4 Jul 2018

Unitec council at risk of being fired with $100m losses forecast

5:47 pm on 4 July 2018

The government is considering sacking Unitec's governing council after it revealed the institute is expected to make deficits totalling nearly $100 million over four years.

Unitec Campus in Mt Albert

A consultation process is underway at Unitec to consider replacing the council with a commissioner. Photo: RNZ / Cole Eastham-Farrelly

Tertiary Education Commission (TEC) today started a five-day consultation process with Unitec staff and stakeholders, including iwi and Auckland Council, to consider replacing the council with a commissioner.

The consultation followed advice from an independent financial advisor that Unitec was heading for deficit of about $19m this year and $27m in 2019.

The institute lost $31m last year and $24m in 2016.

Education Minister Chris Hipkins said the institute was in extreme financial difficulty and needed urgent assistance.

"Given the size of the likely financial support needed for Unitec, we need to ensure we have stronger oversight of its operations," Mr Hipkins said.

"Our message for students at this time is that the government is committed to ensure top quality vocational education and training is available at Unitec and they should have every confidence that its financial issues will be addressed."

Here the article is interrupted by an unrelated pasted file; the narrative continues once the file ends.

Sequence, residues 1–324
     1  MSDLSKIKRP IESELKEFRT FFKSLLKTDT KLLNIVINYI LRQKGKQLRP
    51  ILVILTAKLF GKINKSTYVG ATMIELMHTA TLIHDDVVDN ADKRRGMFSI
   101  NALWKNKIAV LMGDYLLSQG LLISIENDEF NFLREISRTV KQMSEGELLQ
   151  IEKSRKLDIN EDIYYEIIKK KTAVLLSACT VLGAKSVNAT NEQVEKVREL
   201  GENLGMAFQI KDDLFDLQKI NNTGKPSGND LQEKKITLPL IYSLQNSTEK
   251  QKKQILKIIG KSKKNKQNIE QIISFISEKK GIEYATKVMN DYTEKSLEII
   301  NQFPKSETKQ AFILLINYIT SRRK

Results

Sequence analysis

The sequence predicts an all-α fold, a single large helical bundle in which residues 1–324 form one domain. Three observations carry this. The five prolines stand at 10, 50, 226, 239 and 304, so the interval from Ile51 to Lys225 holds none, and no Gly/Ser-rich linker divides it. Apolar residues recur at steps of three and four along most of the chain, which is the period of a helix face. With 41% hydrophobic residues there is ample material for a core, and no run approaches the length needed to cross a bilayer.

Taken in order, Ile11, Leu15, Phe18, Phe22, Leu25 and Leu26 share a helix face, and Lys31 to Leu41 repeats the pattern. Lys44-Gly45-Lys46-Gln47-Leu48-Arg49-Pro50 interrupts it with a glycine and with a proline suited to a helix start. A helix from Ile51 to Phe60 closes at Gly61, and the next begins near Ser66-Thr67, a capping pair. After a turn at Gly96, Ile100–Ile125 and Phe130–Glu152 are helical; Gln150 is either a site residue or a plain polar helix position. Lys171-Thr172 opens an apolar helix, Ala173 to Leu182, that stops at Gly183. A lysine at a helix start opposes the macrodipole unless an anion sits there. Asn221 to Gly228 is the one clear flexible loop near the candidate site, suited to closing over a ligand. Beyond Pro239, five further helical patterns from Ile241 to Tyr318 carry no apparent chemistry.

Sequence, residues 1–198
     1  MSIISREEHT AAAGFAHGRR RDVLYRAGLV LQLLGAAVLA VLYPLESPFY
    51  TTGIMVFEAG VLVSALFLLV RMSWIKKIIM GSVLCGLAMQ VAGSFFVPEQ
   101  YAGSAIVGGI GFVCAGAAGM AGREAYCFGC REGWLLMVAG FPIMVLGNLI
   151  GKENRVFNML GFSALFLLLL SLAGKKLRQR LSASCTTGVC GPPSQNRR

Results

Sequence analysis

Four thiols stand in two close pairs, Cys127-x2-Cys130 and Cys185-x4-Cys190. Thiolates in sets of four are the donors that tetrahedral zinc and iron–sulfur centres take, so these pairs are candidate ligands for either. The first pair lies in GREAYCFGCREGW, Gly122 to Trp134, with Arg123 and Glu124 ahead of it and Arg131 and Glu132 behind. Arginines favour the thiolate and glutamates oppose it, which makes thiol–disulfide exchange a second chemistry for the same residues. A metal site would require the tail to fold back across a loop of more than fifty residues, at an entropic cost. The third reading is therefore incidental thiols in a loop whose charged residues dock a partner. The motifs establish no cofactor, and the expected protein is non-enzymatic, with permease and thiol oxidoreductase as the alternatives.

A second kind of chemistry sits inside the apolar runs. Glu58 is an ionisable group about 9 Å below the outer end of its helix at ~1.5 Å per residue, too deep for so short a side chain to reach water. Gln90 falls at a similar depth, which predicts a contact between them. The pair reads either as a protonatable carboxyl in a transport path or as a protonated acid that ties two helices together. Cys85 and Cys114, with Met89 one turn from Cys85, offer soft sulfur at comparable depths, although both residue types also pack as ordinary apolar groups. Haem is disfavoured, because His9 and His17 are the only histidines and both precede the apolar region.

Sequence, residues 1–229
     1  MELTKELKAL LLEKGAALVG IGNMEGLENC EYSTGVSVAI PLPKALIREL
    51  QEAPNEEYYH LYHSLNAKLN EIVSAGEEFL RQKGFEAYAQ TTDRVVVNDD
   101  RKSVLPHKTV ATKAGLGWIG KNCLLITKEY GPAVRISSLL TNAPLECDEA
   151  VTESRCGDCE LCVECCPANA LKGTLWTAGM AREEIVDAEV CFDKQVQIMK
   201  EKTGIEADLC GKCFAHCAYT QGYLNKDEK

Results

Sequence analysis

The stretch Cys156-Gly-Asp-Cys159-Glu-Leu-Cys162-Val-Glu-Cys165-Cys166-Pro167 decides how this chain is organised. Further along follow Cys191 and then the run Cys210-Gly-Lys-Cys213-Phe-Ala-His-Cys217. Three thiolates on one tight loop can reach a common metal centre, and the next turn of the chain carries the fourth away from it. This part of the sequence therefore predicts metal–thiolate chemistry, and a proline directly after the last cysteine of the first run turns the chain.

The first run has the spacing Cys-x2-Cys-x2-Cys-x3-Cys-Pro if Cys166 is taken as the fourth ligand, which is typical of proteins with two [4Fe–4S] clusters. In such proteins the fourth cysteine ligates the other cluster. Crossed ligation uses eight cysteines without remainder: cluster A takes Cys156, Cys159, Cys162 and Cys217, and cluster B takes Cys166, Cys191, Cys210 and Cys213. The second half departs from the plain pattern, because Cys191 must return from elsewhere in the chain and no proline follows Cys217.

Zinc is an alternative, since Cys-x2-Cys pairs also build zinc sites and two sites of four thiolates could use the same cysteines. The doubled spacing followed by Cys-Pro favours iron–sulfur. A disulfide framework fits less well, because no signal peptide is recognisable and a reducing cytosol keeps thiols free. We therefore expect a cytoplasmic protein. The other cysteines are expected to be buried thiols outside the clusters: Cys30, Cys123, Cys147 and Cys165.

Unitec said it had seen declining enrolments over several years.

"The drop in revenue coincided with a period of strong investment to modernise Unitec's buildings, pedagogy and systems. This spending is now largely complete and the organisation carries no debt following the sale of surplus land earlier this year," she said.

Unitec interim chief executive Merran Davis said the institute had made cost savings of nearly $14 million this year, but there was still a significant gap between revenue and operating costs.

"Unitec is New Zealand's largest ITP [institute of technology and polytechnics], generating revenue of more than $128m in 2017, and provides a wide range of vital programmes which help to drive our economy," Ms Davis said.

"However, the organisation has not responded rapidly enough to the challenges facing the sector as student numbers and revenues decline.

"We are working with the TEC to identify further cost savings and develop a sustainable model. Unitec remains absolutely dedicated to our core business of student success as we work toward a return to surplus."

Unitec staff have been highly critical of management decisions in recent years.

In 2016, a staff survey revealed extremely poor morale and later that year the Qualifications Authority downgraded Unitec's quality rating from a one to a two on its four-point scale.

Last year it reversed a controversial decision to outsource the administration of student enrolments to a private company after just a year and then-chief executive Rick Ede left his job a year earlier than his contract was due to end.

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